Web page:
have census indexes on CD.
* City, County, and State Histories
These are filed under the state and are nearly always in the open stacks.
Each state has its own call number. Look under the state, then the region,
then the counties, cities, and towns.
* Family Histories
In some libraries these are in the open stacks; in others they are in the
closed stacks and you have to ask for them, usually on a special form. Some
are hardbound; some are paperback; some are typed manuscripts in folders.
* Geography Books and Maps
Don't forget to check the geography section of the public library. All kinds
of interesting things can be found there. Many genealogy collections will
have a map file.
* How to Do Research Books
These are usually found in the open stacks. Some libraries even allow them
Some of these are publications from different societies; some are
publications pertaining to specific surnames; some are about genealogy in
general. Some libraries will hold these indefinitely; some will only have
current issues. Some libraries will have them out; some will have them in
closed stacks and you will have to make a request. Sometimes the older ones
* Religious History
Sometimes these books are found in the history or genealogy department of a
library. Sometimes you will need to go to the religion section of the public
library to find them.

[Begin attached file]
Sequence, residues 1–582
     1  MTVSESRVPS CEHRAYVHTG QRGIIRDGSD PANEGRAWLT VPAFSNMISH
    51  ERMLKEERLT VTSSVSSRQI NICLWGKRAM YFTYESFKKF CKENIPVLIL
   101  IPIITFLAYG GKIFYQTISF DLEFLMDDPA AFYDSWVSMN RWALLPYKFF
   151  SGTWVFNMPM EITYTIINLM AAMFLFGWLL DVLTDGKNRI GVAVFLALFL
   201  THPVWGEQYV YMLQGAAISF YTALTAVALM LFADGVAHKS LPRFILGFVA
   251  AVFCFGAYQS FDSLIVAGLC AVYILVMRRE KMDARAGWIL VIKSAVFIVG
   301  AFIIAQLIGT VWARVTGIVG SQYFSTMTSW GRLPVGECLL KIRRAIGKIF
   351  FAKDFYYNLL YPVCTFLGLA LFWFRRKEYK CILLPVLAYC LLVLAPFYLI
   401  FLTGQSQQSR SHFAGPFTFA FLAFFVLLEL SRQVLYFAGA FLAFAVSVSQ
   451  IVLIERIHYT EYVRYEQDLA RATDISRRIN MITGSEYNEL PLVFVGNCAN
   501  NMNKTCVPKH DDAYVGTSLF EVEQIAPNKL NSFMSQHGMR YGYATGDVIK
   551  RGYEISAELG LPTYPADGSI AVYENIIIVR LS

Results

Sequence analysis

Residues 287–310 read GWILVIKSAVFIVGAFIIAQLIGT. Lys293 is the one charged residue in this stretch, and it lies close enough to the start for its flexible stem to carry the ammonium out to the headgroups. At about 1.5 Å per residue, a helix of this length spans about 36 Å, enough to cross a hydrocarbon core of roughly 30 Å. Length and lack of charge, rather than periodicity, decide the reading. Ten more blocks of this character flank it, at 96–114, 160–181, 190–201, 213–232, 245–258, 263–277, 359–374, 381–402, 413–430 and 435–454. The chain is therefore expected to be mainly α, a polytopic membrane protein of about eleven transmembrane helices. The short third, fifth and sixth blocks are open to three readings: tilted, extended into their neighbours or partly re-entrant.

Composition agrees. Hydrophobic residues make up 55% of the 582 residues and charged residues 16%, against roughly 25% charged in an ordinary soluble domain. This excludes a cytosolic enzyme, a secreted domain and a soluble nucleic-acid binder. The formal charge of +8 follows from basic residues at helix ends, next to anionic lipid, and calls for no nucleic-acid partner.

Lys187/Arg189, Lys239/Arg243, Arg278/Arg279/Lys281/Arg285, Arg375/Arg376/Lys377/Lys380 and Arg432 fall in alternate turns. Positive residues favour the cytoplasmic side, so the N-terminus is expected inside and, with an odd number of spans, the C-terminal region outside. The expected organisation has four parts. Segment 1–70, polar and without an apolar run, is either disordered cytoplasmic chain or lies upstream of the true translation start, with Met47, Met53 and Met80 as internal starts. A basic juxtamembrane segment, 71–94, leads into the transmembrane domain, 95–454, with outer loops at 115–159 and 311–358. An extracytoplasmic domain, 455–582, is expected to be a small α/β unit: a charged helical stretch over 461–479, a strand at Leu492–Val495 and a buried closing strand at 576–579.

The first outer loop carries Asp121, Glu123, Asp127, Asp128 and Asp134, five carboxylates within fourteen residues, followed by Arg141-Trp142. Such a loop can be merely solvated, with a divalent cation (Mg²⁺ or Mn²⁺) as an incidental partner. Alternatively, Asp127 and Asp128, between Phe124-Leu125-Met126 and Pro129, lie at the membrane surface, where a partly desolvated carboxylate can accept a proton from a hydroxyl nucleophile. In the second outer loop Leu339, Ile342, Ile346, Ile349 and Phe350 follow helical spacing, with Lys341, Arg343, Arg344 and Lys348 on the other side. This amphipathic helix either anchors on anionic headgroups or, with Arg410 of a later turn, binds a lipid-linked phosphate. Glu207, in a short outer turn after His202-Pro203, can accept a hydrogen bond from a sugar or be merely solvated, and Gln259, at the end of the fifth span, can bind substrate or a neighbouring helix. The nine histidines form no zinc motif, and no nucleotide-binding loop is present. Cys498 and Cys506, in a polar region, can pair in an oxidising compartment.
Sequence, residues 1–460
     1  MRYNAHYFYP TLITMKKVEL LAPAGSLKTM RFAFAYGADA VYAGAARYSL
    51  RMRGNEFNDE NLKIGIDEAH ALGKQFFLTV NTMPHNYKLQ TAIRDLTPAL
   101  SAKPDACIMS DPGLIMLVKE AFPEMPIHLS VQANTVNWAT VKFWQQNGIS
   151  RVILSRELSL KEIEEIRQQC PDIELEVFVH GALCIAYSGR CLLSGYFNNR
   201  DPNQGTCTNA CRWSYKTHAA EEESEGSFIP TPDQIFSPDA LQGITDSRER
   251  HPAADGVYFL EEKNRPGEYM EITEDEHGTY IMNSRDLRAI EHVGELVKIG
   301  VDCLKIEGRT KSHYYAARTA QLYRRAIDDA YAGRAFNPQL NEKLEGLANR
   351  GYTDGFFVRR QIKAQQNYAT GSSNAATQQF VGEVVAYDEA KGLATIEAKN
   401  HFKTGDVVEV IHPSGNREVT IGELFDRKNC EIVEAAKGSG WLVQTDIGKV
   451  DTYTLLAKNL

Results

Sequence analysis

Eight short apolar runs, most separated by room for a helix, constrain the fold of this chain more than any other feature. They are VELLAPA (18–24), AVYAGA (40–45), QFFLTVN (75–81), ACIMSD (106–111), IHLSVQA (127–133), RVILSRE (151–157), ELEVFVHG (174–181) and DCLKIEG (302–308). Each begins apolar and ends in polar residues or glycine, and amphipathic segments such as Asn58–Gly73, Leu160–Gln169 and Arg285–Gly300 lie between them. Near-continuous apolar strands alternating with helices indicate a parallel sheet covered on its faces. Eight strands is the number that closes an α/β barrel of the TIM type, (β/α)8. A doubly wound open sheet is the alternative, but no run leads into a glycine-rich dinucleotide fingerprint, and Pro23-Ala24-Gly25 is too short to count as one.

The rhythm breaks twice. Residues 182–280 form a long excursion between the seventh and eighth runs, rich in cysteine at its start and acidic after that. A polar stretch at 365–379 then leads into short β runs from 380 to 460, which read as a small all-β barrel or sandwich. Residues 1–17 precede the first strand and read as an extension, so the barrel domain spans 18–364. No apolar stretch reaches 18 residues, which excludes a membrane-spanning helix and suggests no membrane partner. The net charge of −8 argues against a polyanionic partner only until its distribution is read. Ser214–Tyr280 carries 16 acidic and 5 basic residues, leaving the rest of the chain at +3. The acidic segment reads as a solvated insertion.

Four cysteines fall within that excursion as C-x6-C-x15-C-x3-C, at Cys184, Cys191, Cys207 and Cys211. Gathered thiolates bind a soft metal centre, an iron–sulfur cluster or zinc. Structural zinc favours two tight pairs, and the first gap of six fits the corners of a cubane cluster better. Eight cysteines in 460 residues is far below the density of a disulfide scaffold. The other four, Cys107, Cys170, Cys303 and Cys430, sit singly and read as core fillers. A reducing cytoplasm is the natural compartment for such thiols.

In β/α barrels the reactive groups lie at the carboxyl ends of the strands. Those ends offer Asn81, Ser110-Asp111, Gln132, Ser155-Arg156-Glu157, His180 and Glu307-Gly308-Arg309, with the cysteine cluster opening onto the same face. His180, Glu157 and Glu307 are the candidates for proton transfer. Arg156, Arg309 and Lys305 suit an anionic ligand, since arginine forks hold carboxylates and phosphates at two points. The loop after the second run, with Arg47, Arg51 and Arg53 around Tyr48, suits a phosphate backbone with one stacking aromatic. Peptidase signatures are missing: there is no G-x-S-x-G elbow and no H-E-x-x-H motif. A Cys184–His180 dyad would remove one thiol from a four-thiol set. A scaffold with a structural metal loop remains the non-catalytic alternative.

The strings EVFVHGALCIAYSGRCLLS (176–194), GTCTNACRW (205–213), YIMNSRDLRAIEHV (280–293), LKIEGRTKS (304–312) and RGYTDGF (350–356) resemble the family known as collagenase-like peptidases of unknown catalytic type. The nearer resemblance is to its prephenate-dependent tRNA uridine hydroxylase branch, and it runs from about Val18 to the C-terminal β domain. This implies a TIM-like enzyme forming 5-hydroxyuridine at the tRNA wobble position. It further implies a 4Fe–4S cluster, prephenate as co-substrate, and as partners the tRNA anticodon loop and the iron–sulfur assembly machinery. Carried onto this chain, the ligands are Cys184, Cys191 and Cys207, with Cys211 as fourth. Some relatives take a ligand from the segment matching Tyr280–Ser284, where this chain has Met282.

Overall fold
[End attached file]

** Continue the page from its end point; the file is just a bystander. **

* Vital Records
Many vital records, especially in New England, have been transcribed and can
be found in books. These are usually found in the among the city and county
history books. Many vital records have been filmed and will be found in the
microfilm collection at libraries where films are available.
* Wills and Probates
There are many abstracted probate records that can be found in books. These
are usually found in with the city and county histories. Many probate
records have been filmed also.
One last thing: Don't forget the check out the university libraries in your
area. They will tell you that they don't have a genealogy section - and it's
true. But there is a wealth of information the history and geography
sections. My alma mater, for example, has all of the Plymouth Colony vital
records in their history department -- and these books can be checked out!
Many universities have large map collections and all kinds of interesting
Prepare yourself and then have fun at the library!